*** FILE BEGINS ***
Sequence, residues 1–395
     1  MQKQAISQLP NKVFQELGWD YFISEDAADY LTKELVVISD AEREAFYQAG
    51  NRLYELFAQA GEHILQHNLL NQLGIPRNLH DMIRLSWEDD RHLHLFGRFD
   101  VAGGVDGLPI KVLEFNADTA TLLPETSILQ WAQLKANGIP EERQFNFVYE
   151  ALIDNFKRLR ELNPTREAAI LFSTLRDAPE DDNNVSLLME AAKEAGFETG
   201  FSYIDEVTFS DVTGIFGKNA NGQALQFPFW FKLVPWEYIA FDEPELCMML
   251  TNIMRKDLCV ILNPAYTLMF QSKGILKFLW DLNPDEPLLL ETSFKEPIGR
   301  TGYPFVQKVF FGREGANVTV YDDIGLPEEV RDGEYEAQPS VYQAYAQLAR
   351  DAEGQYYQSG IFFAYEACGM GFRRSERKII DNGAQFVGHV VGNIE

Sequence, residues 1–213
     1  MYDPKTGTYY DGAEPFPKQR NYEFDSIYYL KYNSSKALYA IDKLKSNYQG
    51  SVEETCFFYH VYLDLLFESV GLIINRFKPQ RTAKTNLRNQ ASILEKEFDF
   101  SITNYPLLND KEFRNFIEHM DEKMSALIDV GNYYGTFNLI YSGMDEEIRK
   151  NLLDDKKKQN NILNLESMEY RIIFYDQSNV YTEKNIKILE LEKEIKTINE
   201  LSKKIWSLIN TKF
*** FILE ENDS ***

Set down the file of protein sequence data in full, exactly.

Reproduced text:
Sequence, residues 1–395
     1  MQKQAISQLP NKVFQELGWD YFISEDAADY LTKELVVISD AEREAFYQAG
    51  NRLYELFAQA GEHILQHNLL NQLGIPRNLH DMIRLSWEDD RHLHLFGRFD
   101  VAGGVDGLPI KVLEFNADTA TLLPETSILQ WAQLKANGIP EERQFNFVYE
   151  ALIDNFKRLR ELNPTREAAI LFSTLRDAPE DDNNVSLLME AAKEAGFETG
   201  FSYIDEVTFS DVTGIFGKNA NGQALQFPFW FKLVPWEYIA FDEPELCMML
   251  TNIMRKDLCV ILNPAYTLMF QSKGILKFLW DLNPDEPLLL ETSFKEPIGR
   301  TGYPFVQKVF FGREGANVTV YDDIGLPEEV RDGEYEAQPS VYQAYAQLAR
   351  DAEGQYYQSG IFFAYEACGM GFRRSERKII DNGAQFVGHV VGNIE

Sequence, residues 1–213
     1  MYDPKTGTYY DGAEPFPKQR NYEFDSIYYL KYNSSKALYA IDKLKSNYQG
    51  SVEETCFFYH VYLDLLFESV GLIINRFKPQ RTAKTNLRNQ ASILEKEFDF
   101  SITNYPLLND KEFRNFIEHM DEKMSALIDV GNYYGTFNLI YSGMDEEIRK
   151  NLLDDKKKQN NILNLESMEY RIIFYDQSNV YTEKNIKILE LEKEIKTINE
   201  LSKKIWSLIN TKF